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Disease prevention and treatment

Rapid Heartbeats And How To Maintain Good Life

Rapid Heartbeat is a faster than normal heart rate at rest. A healthy adult heart normally beats 60 to 100 times a minute when a person is at rest.

Heart rate is controlled by electrical signals sent across heart tissues.


When your heart's rate is too rapid, it may not effectively pump blood to the rest of your body, depriving your organs and tissues of oxygen.

* Dizziness

* Shortness of breath

* Lightheadedness

* Rapid pulse rate

* Chest Pain

* Fainting


Many things can cause or contribute to problems with the heart's electrical system. These factors include:

* Damage to heart tissues from Heart disease

* Disease or congenital abnormality of the heart

* Anemia

* Exercise

* Sudden stress, such as fright

* High blood pressure

* Smoking

* Fever

* Drinking too much alcohol

* Drinking too many caffeinated beverages

* Medication side effects

* Abuse of recreational drugs, such as cocaine



* Heart disease

* High blood pressure

* Smoking

* Heavy alcohol use

* Heavy caffeine use

* Use of recreational drugs

* Psychological stress or anxiety

* Anemia

Other risk factors


Older age. Aging-related wear on the heart makes you more likely to develop a rapid heartbeat

Family. If you have a family history or other heart rhythm disorders, you may have an increase risk.


Possible complications include:

* Blood clots that can cause a Stroke or Heart attack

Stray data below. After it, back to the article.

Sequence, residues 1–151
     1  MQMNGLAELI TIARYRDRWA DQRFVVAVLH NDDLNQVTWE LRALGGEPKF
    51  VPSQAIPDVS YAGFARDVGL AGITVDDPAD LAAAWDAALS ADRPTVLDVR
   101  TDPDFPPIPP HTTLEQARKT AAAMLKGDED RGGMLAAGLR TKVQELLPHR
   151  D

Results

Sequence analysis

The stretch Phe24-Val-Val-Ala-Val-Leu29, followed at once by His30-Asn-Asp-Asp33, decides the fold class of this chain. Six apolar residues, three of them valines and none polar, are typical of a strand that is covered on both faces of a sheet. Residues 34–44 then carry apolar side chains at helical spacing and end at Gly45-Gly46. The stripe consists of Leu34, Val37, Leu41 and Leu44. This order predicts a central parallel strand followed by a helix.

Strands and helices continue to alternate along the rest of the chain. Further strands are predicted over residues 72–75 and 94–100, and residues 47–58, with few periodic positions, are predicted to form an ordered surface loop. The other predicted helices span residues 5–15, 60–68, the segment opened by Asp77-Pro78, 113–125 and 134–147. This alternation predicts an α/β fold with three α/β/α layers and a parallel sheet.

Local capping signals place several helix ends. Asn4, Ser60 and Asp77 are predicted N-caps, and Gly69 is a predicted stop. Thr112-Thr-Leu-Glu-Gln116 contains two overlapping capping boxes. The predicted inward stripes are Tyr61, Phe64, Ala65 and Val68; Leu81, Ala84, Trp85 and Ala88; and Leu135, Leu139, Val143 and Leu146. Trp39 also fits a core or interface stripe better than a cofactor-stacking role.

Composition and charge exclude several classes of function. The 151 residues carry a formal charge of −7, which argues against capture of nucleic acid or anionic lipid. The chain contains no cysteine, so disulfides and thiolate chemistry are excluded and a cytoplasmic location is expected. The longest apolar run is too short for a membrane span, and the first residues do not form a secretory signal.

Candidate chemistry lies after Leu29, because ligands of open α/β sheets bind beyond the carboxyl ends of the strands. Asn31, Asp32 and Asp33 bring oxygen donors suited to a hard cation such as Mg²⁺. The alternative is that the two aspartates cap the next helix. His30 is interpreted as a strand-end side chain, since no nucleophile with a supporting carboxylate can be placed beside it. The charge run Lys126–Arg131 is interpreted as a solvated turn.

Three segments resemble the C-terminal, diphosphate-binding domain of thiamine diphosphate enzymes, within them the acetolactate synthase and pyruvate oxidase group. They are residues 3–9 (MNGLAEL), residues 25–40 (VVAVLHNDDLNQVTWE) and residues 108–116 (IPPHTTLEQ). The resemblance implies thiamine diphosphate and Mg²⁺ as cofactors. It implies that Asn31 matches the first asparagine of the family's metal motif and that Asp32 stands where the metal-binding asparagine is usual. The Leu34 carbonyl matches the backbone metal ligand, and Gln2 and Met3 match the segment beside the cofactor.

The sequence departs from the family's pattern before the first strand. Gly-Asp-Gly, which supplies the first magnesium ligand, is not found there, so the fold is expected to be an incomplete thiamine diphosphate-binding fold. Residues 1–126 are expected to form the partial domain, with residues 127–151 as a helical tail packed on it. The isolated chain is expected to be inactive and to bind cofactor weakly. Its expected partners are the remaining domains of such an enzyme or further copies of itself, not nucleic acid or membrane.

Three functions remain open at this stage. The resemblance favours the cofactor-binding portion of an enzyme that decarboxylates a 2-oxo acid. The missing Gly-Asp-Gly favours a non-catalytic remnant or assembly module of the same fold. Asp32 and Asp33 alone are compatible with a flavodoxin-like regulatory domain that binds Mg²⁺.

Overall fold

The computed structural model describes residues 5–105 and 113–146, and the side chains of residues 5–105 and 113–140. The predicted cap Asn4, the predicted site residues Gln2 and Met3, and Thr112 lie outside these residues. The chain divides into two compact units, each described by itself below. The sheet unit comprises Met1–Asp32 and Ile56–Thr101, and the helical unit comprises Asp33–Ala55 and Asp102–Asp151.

* Inability of the heart to pump enough blood (Heart failure)

* Frequent fainting spells

* Sudden death, usually only associated with Ventricular tachycardia or Ventricular fibrillation


The most effective way to prevent rapid Heartbeat is to reduce your risk of developing Heart disease. If you already have Heart disease, monitor it and follow your treatment plan to lower the risk.

Prevent Heart disease

Treat or eliminate risk factors that may lead to Heart disease. Take the following steps:

Exercise and eat a healthy diet. Live a heart-healthy lifestyle by exercising regularly and eating a healthy, low-fat diet that's rich in fruits, vegetables and whole grains.

Maintain a healthy weight. Being overweight increases your risk of developing Heart disease.

Keep blood pressure and cholesterol levels under control. Make lifestyle changes and take medications as prescribed to correct High blood pressure (hypertension) or High cholesterol.

Stop smoking.

Drink in moderation. If you choose to drink alcohol, do so in moderation. For healthy adults, that means up to one drink a day for women of all ages and men older than age 65, and up to two drinks a day for men age 65 and younger. For some conditions it's recommended that you completely avoid alcohol.

Don't use recreational drugs. Don't use stimulants, such as cocaine.

Use over-the-counter medications with caution. Some cold and cough medications contain stimulants that may trigger a rapid heartbeat.

Limit caffeine. If you drink caffeinated beverages, do so in moderation.

Control stress. Avoid unnecessary stress and learn coping techniques to handle normal stress in a healthy way.

Go to scheduled checkups. Have regular physical exams and report any signs or symptoms to health care professionals.

Content created and supplied by: Hon1 (via Opera News )


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